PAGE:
Practicing Our (No)Selves
Ritual is central to every religious tradition known to us. Buddhist traditions are no exception.Even in the most streamlined of Zen traditions, meditation occurs in a context of ritual practice – sutra chanting, tea ceremonies, bowing to ancestors, bell ringing, and the like. Meditation and teaching are themselves done in highly ritualized ways. Why do spiritual communities engage in ritual practice? If one is Buddhist, why not just sit? What purposes does ritual practice serve in the pursuit of an awakened life?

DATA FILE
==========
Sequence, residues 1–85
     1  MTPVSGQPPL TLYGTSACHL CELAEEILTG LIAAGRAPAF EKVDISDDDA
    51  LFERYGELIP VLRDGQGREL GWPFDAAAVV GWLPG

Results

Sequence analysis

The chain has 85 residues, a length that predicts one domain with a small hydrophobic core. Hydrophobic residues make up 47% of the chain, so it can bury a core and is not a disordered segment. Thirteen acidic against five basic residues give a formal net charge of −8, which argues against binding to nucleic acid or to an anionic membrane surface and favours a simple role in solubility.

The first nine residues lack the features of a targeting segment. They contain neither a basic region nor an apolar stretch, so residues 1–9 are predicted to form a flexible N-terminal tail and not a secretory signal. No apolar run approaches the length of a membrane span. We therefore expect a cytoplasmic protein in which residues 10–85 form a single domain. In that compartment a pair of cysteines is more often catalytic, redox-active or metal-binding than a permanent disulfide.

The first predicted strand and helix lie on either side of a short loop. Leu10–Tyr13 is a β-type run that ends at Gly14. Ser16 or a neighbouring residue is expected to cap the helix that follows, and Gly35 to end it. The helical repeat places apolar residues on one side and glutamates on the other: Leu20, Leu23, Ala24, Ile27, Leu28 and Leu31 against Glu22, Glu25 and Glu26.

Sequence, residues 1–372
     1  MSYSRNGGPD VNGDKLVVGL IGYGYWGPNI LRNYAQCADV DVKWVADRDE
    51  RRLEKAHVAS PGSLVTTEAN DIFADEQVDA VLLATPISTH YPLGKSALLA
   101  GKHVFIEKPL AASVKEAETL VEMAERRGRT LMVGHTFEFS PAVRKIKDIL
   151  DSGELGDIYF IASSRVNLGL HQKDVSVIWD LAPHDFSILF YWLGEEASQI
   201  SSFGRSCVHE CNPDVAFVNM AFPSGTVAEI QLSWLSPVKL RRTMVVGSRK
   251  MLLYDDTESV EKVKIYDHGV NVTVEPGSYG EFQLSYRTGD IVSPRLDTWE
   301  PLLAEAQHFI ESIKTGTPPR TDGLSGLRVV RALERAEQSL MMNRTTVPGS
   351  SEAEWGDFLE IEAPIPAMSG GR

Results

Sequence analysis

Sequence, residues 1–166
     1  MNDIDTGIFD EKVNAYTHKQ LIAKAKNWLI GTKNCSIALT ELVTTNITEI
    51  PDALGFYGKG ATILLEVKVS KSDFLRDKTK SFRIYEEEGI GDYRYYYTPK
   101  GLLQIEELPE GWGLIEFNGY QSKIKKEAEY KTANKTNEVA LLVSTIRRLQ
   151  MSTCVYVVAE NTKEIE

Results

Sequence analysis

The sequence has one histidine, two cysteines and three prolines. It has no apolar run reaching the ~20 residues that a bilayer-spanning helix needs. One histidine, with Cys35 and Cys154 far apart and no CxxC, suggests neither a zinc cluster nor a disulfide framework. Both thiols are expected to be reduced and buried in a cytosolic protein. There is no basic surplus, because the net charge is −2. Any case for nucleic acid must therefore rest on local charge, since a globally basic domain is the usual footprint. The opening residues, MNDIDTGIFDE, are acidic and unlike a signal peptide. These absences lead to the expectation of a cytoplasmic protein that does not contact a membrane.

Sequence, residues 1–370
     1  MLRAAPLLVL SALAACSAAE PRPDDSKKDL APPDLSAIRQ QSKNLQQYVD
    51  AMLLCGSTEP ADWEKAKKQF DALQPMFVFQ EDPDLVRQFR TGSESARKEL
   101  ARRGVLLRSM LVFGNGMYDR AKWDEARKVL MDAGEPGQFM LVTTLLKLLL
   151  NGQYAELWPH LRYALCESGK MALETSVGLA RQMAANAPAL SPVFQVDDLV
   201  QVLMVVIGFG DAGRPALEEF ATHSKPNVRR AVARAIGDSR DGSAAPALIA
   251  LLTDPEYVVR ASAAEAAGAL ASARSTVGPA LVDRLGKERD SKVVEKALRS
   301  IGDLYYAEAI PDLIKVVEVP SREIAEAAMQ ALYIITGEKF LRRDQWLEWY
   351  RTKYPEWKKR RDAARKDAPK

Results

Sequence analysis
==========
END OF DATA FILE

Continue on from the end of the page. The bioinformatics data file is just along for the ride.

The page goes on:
The Rev. James W. Farwell, Ph.D. speaks at the Zen Center on FEb. 23, 2020. He is Professor of Theology and Liturgy at the flagship seminary of the Episcopal Church in Alexandria, Virginia. With a 25-year practice in the Dōgen Zen tradition, Dr. Farwell teaches and writes on Christian sacramental and liturgical theology, Christian-Buddhist comparative theology, and theologies of religious plurality